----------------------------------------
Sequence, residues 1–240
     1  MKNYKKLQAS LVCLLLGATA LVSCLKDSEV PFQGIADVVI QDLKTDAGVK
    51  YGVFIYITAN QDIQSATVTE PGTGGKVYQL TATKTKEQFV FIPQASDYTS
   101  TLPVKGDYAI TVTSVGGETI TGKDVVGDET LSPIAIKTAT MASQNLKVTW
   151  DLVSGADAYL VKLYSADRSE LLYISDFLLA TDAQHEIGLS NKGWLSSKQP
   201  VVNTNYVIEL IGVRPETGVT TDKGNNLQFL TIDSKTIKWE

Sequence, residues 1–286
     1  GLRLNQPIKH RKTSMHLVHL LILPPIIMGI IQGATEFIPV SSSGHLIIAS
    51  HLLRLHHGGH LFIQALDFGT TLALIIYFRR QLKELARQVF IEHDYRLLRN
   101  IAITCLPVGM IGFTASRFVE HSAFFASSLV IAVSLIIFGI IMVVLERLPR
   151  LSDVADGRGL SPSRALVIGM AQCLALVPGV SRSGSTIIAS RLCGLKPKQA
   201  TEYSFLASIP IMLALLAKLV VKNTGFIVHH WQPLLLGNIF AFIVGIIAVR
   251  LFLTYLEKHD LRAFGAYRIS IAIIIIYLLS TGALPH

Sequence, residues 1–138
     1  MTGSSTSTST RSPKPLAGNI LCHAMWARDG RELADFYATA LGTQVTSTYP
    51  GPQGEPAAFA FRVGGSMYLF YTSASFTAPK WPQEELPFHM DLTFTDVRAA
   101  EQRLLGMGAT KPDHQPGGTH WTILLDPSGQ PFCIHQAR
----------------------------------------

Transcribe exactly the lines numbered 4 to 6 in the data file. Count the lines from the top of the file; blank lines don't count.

   101  TLPVKGDYAI TVTSVGGETI TGKDVVGDET LSPIAIKTAT MASQNLKVTW
   151  DLVSGADAYL VKLYSADRSE LLYISDFLLA TDAQHEIGLS NKGWLSSKQP
   201  VVNTNYVIEL IGVRPETGVT TDKGNNLQFL TIDSKTIKWE